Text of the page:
Table of Contents | Message Board | Downloadable/Printable Version
DUBLINERS - FREE ONLINE STUDY GUIDE
The story is set in contemporary Dublin, though within the limited parameters of a young boy’s world. It moves only from his own lower middle-class home to the house of a dead priest, his teacher, in Great Britain Street.
LIST OF CHARACTERS
The boy - Narrator, probably in his early teens.
The priest Father Flynn - He is elderly and has been paralyzed before his death. He has been the boy’s religious adviser and has an affectionate bond with him.
The priest’s elderly unmarried sisters, Nannie and Eliza - They have nursed the priest in his illness.
The boy’s aunt and uncle - He lives in their house, and they are benign but shadowy figures in the story.
The Protagonist is a young boy whose name is never mentioned. Through the story we see a small but important stage in his growth when he throws off the influence of a dead priest who had taught him religion and its observances. The protagonist is sensitive, sharply observant and truthful in his report of the events. His account is a first person narrative.
The dominance of the Church on the boy and those around him, together with the priest, who acted as the agent of that dominance, are the antagonists. With the death of the priest, and the boy’s own realization of the priests frustration in his work, that hold is released.
The protagonist’s sight of the priest’s dead body dispels all his earlier fears and awe of death, and of what he had been taught about religion.
At the end, the boy feels liberated from the influence of ritual and religion. He also completes one stage in growing up, with the new awareness of the conflict and suffering of the priest, until then an awe-inspiring figure in his life.
The story begins on a note of fear and curiosity about the inevitable death of the priest. It ends on a more cheerful note of release and awareness in the boy’s mind.
The narrator of this story is a young boy. The story opens on a note of mystery and fear. The boy tells of someone who has had a third stroke and has little hope of survival. The boy is fearful at the idea that the person may die, and is transfixed by the word ‘paralysis’, which seems like the name of some maleficent and sinful being. Yet he is fascinated by the desire to see its ‘deadly work.’
The narrator lives with his uncle and aunt in Dublin. He comes down to supper to find a tiresome neighbor, ‘old Cotter’ and his uncle discussing the death of the paralyzed person, Father Flynn. Cotter speaks of the dead priest as ‘queer’ and ‘uncanny’ annoying the boy, who had been Flynn’s student and friend.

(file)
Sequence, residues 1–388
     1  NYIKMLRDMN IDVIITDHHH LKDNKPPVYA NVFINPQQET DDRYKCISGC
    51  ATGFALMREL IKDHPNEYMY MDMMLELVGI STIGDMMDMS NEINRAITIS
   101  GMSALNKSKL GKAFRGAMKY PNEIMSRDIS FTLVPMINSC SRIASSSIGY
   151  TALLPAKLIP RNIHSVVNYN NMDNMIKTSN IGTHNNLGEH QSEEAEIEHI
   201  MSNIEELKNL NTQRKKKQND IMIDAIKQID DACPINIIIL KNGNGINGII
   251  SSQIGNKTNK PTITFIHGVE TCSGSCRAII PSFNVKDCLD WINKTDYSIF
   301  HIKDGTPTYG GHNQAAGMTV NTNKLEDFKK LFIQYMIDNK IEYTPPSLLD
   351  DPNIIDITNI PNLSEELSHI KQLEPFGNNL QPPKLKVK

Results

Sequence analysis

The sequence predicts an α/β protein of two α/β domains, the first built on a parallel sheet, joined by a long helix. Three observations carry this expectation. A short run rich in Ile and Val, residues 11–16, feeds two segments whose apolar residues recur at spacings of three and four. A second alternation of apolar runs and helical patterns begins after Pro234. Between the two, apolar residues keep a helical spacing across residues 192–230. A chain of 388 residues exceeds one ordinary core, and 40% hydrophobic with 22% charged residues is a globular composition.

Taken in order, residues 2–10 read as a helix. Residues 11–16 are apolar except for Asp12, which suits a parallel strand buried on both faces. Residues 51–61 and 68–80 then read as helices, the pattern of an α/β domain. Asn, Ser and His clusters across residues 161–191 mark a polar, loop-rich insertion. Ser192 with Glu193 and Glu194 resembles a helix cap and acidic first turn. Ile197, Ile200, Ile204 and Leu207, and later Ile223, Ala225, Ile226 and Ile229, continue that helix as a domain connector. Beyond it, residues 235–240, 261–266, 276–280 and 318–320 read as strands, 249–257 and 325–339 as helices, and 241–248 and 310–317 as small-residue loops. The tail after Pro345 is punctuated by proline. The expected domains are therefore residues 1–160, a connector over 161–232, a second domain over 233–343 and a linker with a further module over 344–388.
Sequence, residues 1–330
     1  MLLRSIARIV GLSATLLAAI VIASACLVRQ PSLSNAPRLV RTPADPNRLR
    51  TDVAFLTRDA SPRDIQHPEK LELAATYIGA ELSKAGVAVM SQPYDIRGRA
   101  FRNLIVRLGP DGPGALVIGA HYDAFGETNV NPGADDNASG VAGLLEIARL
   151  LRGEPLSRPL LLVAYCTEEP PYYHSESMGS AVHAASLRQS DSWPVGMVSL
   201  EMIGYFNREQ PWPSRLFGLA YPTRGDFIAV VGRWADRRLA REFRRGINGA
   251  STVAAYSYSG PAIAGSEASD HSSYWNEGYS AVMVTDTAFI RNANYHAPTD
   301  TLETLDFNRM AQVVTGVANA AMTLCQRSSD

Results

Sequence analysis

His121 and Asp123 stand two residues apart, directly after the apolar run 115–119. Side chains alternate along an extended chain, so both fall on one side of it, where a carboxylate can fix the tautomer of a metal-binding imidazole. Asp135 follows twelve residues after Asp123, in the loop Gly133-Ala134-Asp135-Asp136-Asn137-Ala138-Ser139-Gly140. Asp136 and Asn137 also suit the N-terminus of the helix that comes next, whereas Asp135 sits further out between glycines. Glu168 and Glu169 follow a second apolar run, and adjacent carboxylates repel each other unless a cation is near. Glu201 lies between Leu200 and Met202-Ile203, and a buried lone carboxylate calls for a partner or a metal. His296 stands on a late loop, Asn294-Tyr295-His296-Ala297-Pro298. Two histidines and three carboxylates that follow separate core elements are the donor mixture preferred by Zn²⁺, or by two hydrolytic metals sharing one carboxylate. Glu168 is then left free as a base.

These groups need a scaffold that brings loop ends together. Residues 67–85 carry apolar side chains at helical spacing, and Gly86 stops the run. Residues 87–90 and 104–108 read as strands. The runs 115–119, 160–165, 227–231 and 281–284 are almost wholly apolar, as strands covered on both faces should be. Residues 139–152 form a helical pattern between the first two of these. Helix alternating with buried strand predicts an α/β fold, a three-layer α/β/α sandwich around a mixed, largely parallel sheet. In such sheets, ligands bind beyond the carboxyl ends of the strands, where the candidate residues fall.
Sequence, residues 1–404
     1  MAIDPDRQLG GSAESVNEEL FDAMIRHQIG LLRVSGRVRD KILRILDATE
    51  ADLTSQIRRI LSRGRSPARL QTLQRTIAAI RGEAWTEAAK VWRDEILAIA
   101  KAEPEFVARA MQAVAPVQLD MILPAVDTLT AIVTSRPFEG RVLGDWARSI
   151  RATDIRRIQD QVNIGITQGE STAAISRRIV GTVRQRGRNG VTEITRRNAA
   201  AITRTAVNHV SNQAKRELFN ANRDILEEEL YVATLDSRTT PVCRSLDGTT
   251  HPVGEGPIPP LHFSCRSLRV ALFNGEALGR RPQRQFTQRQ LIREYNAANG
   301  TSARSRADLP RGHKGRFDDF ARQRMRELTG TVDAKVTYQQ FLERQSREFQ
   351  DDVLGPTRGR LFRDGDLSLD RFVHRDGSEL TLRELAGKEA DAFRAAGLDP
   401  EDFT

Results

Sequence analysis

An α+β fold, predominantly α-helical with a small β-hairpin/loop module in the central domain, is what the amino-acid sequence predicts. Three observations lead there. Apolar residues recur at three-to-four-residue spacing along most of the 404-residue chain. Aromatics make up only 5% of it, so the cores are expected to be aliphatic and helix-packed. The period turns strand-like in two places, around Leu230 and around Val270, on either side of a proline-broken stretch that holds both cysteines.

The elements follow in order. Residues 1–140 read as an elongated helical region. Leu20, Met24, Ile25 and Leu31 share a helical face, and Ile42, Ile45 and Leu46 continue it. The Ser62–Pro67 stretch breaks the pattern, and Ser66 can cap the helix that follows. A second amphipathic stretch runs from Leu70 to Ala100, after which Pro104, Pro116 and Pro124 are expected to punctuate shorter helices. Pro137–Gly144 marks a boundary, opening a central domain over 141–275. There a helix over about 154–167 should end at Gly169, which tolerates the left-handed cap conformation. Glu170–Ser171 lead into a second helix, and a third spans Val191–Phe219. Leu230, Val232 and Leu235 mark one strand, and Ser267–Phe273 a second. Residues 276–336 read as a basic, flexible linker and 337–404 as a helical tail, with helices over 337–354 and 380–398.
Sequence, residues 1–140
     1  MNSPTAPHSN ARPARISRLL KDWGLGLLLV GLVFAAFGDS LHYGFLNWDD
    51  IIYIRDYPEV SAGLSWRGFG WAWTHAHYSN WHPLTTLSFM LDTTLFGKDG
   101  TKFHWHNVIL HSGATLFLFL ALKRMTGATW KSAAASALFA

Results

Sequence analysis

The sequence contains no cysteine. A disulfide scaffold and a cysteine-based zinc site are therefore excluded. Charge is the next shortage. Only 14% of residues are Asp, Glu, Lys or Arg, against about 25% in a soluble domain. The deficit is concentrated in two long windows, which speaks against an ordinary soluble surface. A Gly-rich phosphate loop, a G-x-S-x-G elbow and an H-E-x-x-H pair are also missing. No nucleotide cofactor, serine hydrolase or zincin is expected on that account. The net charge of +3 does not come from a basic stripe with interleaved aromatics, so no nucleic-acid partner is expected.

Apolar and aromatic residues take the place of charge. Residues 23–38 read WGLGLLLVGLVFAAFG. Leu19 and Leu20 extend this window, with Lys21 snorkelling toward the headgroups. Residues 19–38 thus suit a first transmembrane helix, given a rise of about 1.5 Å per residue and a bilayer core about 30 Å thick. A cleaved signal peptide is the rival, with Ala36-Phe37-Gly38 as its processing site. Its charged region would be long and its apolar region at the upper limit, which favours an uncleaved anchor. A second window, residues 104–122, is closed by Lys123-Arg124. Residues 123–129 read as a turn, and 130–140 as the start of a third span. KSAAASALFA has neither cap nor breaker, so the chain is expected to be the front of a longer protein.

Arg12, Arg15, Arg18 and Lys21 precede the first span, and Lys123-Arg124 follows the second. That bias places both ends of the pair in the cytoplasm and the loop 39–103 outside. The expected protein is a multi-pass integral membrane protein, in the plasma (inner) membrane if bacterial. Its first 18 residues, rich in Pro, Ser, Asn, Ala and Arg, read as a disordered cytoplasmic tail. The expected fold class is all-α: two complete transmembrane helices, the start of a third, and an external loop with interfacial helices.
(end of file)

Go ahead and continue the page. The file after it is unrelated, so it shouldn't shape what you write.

The boy’s uncle explains to Cotter that ‘the youngster and he (Flynn) were great friends.’ Cotter then scrutinizes the boy very closely ‘with his little, beady, black eyes.’ He comments sourly that the company of such a man was bad for children. The boy is both angry and curious about Cotter’s suggestive ‘unfinished sentences.’ He crams food into his mouth to stifle an angry comment.
That night, the narrator broods over what Cotter has said. Half asleep, he imagines he can see ‘the heavy gray face of the paralytic.’ It seems to want to confess something. He tries to shut it out but it keeps following him.
Next day, he lingers outside Father Flynn’s house and sees a black crape bouquet on the door. A card pinned to it announces the priest’s death. Now, the boy is convinced of the reality of the death and is unsure as what to do next. He wishes to go in and see the dead priest, but hasn’t the courage. He wanders away and discovers that ‘neither I nor the day seemed in a mournful mood and I felt even annoyed at discovering in myself a sensation of freedom as if I had been freed from something by his death.’ This shocks him and he thinks of all he had learnt from the priest - to pronounce Latin properly, to understand the different ceremonies of the Mass and the different vestments worn by the priests to recognize which sins were mortal, which venial, and which only imperfections. Flynn had explained the mysteries of the church and the secrecy of the confessional so gravely that the boy had wondered how any priest could dare to undertake such duties. Harking back to his dream, the boy tries to remember how it had ended but can’t.
That evening his aunt takes him to pay Father Flynn’s sister a condolence visit. Nannie one of the old sisters receives them and takes them in to see the body. The boy is distracted by her muttered prayers, her clothes and movements. He had fancied that the priest would lie smiling in his coffin, but actually finds him looking ‘truculent, grey and massive, with black cavernous nostrils.’ They all cross themselves and leave the room. Nannie and Eliza, the sisters, offer them wine and crackers. The boy refuses the biscuits, as he is afraid of making a noise there!
A conversation follows with Nannie saying her brother had died peacefully and been "quite resigned" to it. She says he had a ‘beautiful death’ and made a ‘beautiful corpse!’ She praises the efforts of Father O’Rourke who had cared for him and then made all the funeral arrangements. The narrator’s aunt agrees with her. Eliza, the priest’s other sister says he was never any trouble to them-"you wouldn’t hear him in the house any more than now." Then she adds that at times she had "found something queer coming over him latterly."
The priest’s sisters and the boy’s aunt talk sadly of how his priestly duties had been too much for him and he had been a disappointed man. There is a mysterious reference to ‘a chalice he broke’ and how ‘it was the boy’s fault.’ That incident is said to be the cause of Father Flynn’s ‘queer spells’, one of which ended with him ‘in the dark in his confession-box, wide awake and laughing-like softly to himself.’
The boy listening quietly to thus, thinks of the old priest ‘solemn and truculent in death, an idle chalice on his breast.’